+1 Recommend
1 collections
      • Record: found
      • Abstract: found
      • Article: found

      Estradiol Enhances the Action of Neuropeptide Y on in vivo Luteinizing Hormone-Releasing Hormone Release in the Ovariectomized Rhesus Monkey



      S. Karger AG

      hormone release Primates, Estradiol, Neuropeptide Y, Luteinizing hormone-releasing

      Read this article at

          There is no author summary for this article yet. Authors can add summaries to their articles on ScienceOpen to make them more accessible to a non-specialist audience.


          The effect of estrogen on the responsiveness of the luteinizing hormone-releasing hormone (LHRH) neurosecretory system to neuropeptide Y (NPY) stimulation was examined using a push-pull perfusion method in conscious monkeys. NPY, at doses of 10<sup>–6</sup> to 10<sup>–12</sup> M, was infused into the stalk-median eminence (S-ME) of ovariectomized monkeys with or without estrogen, while perfusates were continuously collected. LHRH in perfusates was measured by RIA. The results indicate that in both estrogen-primed and unprimed monkeys, NPY infusion into the S-ME elicited LHRH release in a dose-dependent manner (p < 0.01). Moreover, estrogen priming enhanced the responsiveness of LHRH release to NPY infusion: (1) the minimum NPY dose necessary to elicit a significant LHRH response was reduced, (2) the peak LHRH response to NPY at a dose of 10<sup>–6</sup> to 10<sup>–10</sup> M was increased, and (3) the total release of LHRH in response to NPY at doses of 10<sup>–6</sup> to 10<sup>–12</sup> M was increased. These results suggest that NPY stimulates LHRH release in the S-ME in the presence or absence of estrogen and that estrogen enhances the responsiveness of the LHRH neurosecretory system to NPY stimulation in the rhesus monkey.

          Related collections

          Author and article information

          S. Karger AG
          07 April 2008
          : 56
          : 6
          : 921-925
          Wisconsin Regional Primate Research Center, University of Wisconsin-Madison, Madison, Wisc., USA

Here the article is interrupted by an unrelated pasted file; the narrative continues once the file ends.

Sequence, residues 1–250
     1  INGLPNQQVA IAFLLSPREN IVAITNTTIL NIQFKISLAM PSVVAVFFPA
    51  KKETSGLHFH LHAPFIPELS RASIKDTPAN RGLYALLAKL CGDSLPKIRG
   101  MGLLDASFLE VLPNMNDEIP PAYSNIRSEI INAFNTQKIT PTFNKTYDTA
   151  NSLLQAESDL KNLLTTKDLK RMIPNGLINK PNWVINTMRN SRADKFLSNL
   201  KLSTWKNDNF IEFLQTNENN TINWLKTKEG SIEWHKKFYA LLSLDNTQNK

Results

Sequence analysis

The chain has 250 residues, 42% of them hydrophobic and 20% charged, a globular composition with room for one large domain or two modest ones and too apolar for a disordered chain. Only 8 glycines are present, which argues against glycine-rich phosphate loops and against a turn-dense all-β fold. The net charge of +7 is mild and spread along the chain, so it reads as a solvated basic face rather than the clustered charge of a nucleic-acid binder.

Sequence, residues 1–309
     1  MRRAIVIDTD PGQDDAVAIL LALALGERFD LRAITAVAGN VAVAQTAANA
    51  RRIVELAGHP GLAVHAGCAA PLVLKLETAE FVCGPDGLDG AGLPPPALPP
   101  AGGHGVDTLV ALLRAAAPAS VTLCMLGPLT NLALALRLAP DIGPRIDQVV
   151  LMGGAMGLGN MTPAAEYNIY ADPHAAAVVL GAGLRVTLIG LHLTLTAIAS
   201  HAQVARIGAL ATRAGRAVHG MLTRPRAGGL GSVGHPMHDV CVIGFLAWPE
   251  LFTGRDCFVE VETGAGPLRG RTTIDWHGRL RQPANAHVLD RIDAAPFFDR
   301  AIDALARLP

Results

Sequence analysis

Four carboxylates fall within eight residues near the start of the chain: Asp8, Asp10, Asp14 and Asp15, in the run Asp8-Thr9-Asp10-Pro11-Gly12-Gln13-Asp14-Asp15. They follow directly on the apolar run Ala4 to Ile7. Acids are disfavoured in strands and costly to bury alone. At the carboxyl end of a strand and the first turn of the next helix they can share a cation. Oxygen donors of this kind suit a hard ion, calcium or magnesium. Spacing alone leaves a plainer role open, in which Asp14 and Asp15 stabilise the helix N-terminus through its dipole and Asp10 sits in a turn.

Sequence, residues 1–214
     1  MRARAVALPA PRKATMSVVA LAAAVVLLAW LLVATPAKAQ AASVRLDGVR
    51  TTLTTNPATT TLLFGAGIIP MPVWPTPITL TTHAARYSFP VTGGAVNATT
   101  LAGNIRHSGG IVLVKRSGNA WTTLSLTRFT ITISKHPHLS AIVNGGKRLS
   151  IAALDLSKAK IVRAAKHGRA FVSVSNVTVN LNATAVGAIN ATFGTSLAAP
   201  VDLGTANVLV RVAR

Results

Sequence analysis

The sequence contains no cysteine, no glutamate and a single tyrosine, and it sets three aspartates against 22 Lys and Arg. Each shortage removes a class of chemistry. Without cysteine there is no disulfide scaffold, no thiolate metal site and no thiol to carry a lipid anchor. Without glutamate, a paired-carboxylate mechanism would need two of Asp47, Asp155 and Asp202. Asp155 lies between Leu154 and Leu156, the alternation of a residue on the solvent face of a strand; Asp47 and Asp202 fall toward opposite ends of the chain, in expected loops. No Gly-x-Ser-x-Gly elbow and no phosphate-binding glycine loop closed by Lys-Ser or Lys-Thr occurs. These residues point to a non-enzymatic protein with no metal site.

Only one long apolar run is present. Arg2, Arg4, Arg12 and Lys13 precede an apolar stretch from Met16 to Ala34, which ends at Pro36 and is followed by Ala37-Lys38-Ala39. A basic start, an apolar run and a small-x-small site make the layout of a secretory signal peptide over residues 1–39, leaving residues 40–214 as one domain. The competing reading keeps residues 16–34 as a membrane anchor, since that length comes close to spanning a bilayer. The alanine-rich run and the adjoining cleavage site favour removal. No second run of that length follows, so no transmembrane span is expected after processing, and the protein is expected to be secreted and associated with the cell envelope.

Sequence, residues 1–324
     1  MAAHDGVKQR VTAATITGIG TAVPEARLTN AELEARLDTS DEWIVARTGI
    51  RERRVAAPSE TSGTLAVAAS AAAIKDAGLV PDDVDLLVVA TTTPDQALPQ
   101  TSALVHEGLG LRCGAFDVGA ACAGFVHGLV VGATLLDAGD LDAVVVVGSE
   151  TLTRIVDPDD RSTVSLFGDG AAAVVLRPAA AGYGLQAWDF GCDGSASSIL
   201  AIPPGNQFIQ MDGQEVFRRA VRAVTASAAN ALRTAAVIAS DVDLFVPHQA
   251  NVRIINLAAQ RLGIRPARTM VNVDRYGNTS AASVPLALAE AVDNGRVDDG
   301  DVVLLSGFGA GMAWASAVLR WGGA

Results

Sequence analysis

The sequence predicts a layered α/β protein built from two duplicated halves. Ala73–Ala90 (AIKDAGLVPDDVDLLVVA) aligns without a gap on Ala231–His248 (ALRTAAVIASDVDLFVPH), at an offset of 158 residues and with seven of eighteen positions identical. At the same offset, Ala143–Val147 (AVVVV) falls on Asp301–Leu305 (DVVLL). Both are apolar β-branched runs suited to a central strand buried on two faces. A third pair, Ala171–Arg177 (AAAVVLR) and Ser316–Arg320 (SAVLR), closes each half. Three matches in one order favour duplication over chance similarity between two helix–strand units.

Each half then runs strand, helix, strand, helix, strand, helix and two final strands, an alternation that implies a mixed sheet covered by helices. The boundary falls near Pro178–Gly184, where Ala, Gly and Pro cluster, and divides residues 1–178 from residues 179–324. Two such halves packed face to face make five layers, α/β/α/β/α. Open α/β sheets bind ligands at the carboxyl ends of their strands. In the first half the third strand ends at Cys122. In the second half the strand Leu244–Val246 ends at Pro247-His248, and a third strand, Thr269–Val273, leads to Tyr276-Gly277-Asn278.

126325 Neuroendocrinology 1992;56:921–925
          © 1992 S. Karger AG, Basel

          Copyright: All rights reserved. No part of this publication may be translated into other languages, reproduced or utilized in any form or by any means, electronic or mechanical, including photocopying, recording, microcopying, or by any information storage and retrieval system, without permission in writing from the publisher. Drug Dosage: The authors and the publisher have exerted every effort to ensure that drug selection and dosage set forth in this text are in accord with current recommendations and practice at the time of publication. However, in view of ongoing research, changes in government regulations, and the constant flow of information relating to drug therapy and drug reactions, the reader is urged to check the package insert for each drug for any changes in indications and dosage and for added warnings and precautions. This is particularly important when the recommended agent is a new and/or infrequently employed drug. Disclaimer: The statements, opinions and data contained in this publication are solely those of the individual authors and contributors and not of the publishers and the editor(s). The appearance of advertisements or/and product references in the publication is not a warranty, endorsement, or approval of the products or services advertised or of their effectiveness, quality or safety. The publisher and the editor(s) disclaim responsibility for any injury to persons or property resulting from any ideas, methods, instructions or products referred to in the content or advertisements.

          Page count
          Pages: 5
          Original Paper


          Comment on this article